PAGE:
Mayor slams move to hide cop misconduct hearings from the public

By Chicago 7 Min Read

Just days after striking a contract deal with the city’s largest police union, Mayor Brandon Johnson urged City Council members late Monday to reject an arbitrator’s ruling allowing cops to have the most serious disciplinary cases heard out of public view.

Officers facing dismissal or suspensions of more than a year could take their cases to arbitration under a final opinion issued last week by independent arbitrator Edwin Benn that would allow members of the Chicago Fraternal Order of Police to bypass public proceedings before the Chicago Police Board.

Benn issued similar decisions in June and August and signaled Thursday he would come to the same conclusion if alderpersons reject the ruling and send it back to him. If three-fifths of the City Council votes against the ruling, it would be sent back to Benn to reconsider. If he stands firm, as he has suggested he will, 30 alderpersons would then have to vote against it. If that happens, the Fraternal Order of Police could take legal action.

Johnson said he was “disappointed” by the arbitrator’s decision, which he noted was made in the face of “strong dissent” from his administration. A mayoral spokesperson said a vote on Benn’s ruling will be held separate from a vote on the police contract.

“While we recognize police officers’ right to arbitration, it is crucial that disciplinary cases be handled in a manner that allows for public transparency and true accountability,” Johnson said in a statement. “Since this is a matter that will require City Council action, I am asking the body to reject this measure when it comes up in the coming weeks.”

FOP President John Catanzara said he simply wants parity with other unions’ contracts, and he threatened legal action if there’s a protracted battle with the City Council over ratifying the ruling.

“If they’re even going to try to reject this proposal, we will certainly be taking a scorecard of who is anti-union,” Catanzara said. “And there’s no other way to describe it: It’s anti-union to say that that is not afforded to our membership, like every other collective bargaining agreement in the city.”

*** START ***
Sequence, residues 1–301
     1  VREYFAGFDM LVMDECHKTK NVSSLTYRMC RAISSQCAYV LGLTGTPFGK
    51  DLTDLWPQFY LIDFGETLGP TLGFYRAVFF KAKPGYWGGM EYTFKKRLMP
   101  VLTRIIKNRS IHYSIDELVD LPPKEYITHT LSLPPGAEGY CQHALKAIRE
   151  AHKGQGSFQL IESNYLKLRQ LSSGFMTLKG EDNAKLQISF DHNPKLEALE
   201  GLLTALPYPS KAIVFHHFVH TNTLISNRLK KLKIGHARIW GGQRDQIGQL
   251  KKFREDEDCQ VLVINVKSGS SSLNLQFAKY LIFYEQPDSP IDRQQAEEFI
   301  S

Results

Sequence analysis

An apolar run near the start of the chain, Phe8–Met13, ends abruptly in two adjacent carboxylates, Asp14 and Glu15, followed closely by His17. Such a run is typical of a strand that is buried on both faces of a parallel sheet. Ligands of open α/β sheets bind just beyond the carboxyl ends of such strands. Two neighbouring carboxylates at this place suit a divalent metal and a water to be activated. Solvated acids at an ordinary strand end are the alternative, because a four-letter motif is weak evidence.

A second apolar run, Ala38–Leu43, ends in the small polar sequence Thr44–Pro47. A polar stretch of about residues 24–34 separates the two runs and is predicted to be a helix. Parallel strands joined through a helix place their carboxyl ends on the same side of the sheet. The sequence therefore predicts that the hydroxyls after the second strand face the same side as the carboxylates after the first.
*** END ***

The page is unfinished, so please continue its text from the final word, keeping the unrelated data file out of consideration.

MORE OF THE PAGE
Critics of Benn’s decisions include some alderpersons, police board officials and the president of a new civilian-led police oversight panel. They have warned that determining the most egregious police misconduct cases in closed-door proceedings could erode community trust.

Benn said he handed down his most recent ruling because of public reaction to his prior opinions, which he said “showed a misunderstanding of the arbitration process or a desire to dismantle that process.”

The argument that proceedings shouldn’t be held “behind closed doors” relies on an insidious “catch phrase,” Benn said, suggesting it could be a public relations ploy “designed to defeat arbitration as a dispute resolution process.”

The phrase has “added meaning” to Chicagoans, Benn wrote, invoking “the image of smoke-filled closed rooms of the past with politicians, criminals and the powerful cutting deals to line their own pockets without regard to rights of ordinary citizens.”

But “there is a more powerful and accurate ‘truth’ in a phrase that is the bedrock of our democracy, which washes away that simplistic ‘behind closed doors’ expression, along with its images of shady and secretive deal-making in smoke-filled rooms,” he wrote. “And that phrase is the most relevant (especially these days) — The Rule of Law.”

He said the FOP’s request to extend the arbitration provisions in the union’s most recent contract must be honored under the Illinois Public Labor Relations Act, and he cited other aspects of the law and legal precedents to back up his ruling.

The City Council must now consider Benn’s ruling, but it could send it back with objections. If that happens, Benn wrote, “the parties can rationally assess the outcome of this Board having to reconsider its prior rulings — but we will listen to and consider those objections.”

If alderpersons vote to ratify the decision, a labor dispute that has stretched six years would finally be over, Benn said, though he acknowledged it could also face legal challenges.

“For what it’s worth,” he added, “this remarkably complex process with the final outcome resolving an extraordinarily long labor dispute occurred with the parties acting in complete good faith ‘behind closed doors.’”

Benn’s ruling came as Johnson and the union reached a tentative deal to sweeten the last two years of the FOP contract signed by his predecessor, doubling the annual pay raise rank-and-file cops were scheduled to receive in 2024 and 2025.

While Johnson is calling on alderpersons to approve that deal, he remained steadfast in his opposition to the vote on the arbitration decision.

“We will not allow this to undermine our efforts to advance reform, increase transparency and implement our vision for improved public safety and policing to make our city better, stronger and safer,” Johnson said.

But Catanzara warned the union will “literally sue the s— out of the city if they’re going to subject us to some drawn-out process, because it is beyond unfair and it needs to stop.

“We’re all sick and damn tired of the low-hanging fruit of attacking police officers for their union-protected rights that everybody else is afforded with no questions asked,” he said.

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